After landing in New York City, New York he eventually made his way to Buffalo, New York where he worked at odd jobs which included time as a stable boy, a job was much needed in that day.

On the 12th of October, 1832 Freerkje (Fredericka) van der Schaaf was born in Dokkum, Friesland, Netherlands to Jan Jans van der Schaaf and Jennetje Ruurds deJong van der Schaaf. History shows that the family had business reverses and lost their property. that is when friends persuaded them to come to America. The entire family (nine children) arrived in New York in 1849. The trip across the waters took six weeks in a sailboat. They first lived in Lancaster, then during the winter of 1849-50 moved and settled in Buffalo, New York area. It is recorded that Jan Jans was a cement-maker and timber merchant.

"August and Fredericka met and married in Buffalo, New York in 1852. There they started their family: Fannie, Jane and Anna. some records show Fannie being born in Buffalo and others Toronto, Canada. Jane was born in Toronto, Canada and Anna Buffalo.

"In late 1858 one source tells us, the men first migrated from the east to an area along the Missouri River 9 years before Nebraska was to become a state in 1867. Soon the woman and children would follow. Early settlers from the east "were of the best and bravest type of early pioneers. They were people who came to stay, and did stay, through storm and sunshine, through flood and draught. Neither failure of crops nor grasshoppers could force them to retreat." They established a small community and at first called their new town New Buffalo but later voted that it be call Arago, named for a French traveler and explorer, Dominique Francois Arago.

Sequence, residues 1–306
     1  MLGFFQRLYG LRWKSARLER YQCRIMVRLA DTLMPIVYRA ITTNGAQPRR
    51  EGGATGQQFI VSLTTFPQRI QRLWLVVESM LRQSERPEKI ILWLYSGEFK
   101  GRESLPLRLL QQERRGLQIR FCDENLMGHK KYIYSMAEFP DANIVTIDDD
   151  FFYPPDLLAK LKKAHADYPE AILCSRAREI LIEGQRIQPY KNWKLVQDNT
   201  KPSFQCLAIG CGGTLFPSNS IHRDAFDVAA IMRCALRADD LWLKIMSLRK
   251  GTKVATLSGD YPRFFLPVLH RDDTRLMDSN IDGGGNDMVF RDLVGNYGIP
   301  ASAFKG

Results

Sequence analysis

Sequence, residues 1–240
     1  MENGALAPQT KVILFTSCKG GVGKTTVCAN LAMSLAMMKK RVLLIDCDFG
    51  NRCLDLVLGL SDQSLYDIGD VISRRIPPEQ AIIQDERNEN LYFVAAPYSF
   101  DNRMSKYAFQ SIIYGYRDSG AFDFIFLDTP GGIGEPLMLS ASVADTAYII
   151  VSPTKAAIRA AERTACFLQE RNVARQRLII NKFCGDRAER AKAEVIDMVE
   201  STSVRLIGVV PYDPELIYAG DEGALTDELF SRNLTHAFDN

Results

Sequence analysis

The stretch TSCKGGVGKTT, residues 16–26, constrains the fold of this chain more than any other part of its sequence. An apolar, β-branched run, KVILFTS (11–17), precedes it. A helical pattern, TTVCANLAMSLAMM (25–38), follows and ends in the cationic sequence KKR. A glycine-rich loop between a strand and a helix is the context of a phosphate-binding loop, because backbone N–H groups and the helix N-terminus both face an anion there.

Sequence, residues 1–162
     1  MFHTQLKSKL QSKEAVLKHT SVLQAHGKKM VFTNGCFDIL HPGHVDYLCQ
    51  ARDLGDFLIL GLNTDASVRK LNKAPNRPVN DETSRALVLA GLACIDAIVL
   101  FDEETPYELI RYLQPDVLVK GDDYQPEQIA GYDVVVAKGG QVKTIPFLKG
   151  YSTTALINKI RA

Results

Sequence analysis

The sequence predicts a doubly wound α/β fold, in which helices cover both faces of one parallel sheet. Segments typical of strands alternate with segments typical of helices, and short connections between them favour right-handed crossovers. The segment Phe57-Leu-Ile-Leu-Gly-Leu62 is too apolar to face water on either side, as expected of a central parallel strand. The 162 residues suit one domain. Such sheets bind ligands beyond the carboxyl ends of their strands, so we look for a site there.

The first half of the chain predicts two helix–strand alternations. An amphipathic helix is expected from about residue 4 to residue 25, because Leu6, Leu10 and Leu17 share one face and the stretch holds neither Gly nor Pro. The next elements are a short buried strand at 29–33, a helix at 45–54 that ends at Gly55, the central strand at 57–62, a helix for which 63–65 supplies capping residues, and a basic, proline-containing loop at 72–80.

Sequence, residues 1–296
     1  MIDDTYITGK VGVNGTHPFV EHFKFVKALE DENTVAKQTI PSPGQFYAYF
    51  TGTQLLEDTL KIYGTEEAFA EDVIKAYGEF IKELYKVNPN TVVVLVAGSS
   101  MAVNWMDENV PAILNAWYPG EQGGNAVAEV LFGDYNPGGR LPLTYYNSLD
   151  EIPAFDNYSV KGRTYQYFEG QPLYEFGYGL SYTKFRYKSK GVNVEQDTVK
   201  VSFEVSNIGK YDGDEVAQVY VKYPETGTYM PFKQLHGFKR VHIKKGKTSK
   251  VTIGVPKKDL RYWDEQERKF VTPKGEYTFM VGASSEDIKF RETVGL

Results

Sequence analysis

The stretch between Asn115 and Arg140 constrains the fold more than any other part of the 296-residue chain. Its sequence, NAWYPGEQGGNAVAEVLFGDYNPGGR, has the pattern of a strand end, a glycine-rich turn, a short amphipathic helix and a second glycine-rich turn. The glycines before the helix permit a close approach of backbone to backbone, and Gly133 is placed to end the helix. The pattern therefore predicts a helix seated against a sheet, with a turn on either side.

"The August Weinert family took a boat from St. Louis to Arago on the Missouri River, arriving in the hot summer of 1859. Besides being very hot the mosquitoes were very bad. there were no homes to be found like the already established ones along the eastern seashore. Their first home would be what was called a "dugout" in a hillside. Imagine that, if you can, with a small family. Winters were cold and blustery and it wasn't long till their third child, Anna, passed away. She wasn't yet three years of age. Fredericka said there were four families living in one cabin at one time. Chalk marks were used as partitions.

"August first worked as a farmhand in the community, hard work to be sure as there was only virgin land to be broken in the area. He was to establish himself as a carpenter and cabinet maker, and soon became very proficient in the trade. Over the years he was to build many houses and barns with barns, particularly, becoming his trademark. He built many of the barns in the area, stockpiling the rock for the foundations after bringing it from Missouri quarries over the frozen river; with his three sons, he cut and swed native lumber from the Missouri bluffs for framing.